Short wolf hunt exceeds state quota by almost 100
The state’s allocated quota is 119.
GREEN BAY, Wis. (WBAY) - Wisconsin’s wolf hunt ended Wednesday with the Department of Natural Resources reporting the number of wolves harvested almost doubling the state’s approved quota.
The DNR set the quota for this week’s wolf hunt at 200.
The state’s allocated quota is 119, while 81 wolves were allocated to Ojibwe Tribes.
After just three days there were 216 animals harvested, not including the harvest numbers from the tribes.
The DNR is now looking at how this may impact the population.
“Looking at how far we went over our goal was not necessarily our objective here for sure,” said Eric Lobner, Wildlife Management Director for the DNR.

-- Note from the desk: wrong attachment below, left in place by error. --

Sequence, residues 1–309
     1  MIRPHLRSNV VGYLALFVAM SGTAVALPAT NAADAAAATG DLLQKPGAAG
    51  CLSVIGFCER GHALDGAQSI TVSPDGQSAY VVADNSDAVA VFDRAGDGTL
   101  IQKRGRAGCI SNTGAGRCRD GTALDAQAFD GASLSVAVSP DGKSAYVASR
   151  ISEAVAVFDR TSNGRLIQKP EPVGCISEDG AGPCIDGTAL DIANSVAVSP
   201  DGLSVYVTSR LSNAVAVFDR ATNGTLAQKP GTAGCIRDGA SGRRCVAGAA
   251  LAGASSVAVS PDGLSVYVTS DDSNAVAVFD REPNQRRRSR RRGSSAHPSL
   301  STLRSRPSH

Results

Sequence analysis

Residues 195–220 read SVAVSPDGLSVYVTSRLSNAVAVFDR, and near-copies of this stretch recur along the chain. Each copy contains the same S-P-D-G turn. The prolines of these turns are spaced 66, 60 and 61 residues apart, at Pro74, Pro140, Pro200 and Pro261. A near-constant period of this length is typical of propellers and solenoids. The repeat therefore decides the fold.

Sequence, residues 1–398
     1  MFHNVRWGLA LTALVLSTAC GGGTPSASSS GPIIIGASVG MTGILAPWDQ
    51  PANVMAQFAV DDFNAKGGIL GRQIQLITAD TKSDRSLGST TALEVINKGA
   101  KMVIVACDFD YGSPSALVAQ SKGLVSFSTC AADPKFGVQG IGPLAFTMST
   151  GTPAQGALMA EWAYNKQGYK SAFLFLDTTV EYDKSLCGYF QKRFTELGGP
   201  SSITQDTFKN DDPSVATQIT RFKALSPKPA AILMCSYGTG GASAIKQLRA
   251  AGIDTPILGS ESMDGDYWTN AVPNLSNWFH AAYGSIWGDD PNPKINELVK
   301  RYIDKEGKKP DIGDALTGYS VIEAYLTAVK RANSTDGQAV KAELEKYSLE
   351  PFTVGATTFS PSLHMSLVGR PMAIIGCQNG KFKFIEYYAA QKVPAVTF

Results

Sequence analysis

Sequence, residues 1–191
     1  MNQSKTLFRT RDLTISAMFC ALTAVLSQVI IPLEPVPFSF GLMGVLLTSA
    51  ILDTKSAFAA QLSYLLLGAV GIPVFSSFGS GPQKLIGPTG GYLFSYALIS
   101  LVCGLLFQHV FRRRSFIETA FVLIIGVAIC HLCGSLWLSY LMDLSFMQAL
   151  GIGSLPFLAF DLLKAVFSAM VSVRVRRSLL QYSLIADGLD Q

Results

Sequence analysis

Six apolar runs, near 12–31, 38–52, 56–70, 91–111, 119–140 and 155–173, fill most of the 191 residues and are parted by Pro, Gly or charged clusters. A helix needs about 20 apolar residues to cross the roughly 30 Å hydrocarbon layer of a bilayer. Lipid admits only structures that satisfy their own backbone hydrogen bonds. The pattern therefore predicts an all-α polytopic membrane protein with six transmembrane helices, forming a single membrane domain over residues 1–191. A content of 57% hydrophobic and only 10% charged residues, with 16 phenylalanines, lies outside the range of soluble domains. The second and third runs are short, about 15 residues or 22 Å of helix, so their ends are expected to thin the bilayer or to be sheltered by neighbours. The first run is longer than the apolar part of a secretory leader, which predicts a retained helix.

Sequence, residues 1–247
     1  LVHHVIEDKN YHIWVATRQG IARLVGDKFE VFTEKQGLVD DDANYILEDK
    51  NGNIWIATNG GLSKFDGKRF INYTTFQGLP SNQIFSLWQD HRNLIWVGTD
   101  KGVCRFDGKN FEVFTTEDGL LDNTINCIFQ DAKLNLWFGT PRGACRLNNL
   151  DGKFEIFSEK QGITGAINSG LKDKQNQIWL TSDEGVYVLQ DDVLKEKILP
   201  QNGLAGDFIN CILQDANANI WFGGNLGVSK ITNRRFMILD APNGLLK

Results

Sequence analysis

The hunt happened after a national hunting organization won a lawsuit saying the DNR violated hunters’ constitutional rights.
From day one, officials kept a close eye on the season.
“When we started monitoring the season which was right away on Monday, at the end of the day we were at 9 animals harvested. When we came into work the next day looking at the numbers, we were up to 48,” said Lobner.
The DNR says about 1,400 of the 2,380 hunting permits available to state hunters were sold.
“We’re collecting data on the sex of the individuals and age and all those different types of things and we’ll evaluate all of that data as it relates to the impacts,” said Randy Johnson, DNR large carnivore specialist.
Officials are confident the hunt won’t have negative impacts on the wolf packs.
“Wolf populations are resilient and they can sustain a fairly high level of mortality and harvest,” said Johnson.
The DNR says 86 percent of the wolves were taken by hunting dogs, 5 percent by trappers and 9 percent by other means.
And 54 percent were males and 46 percent were females.
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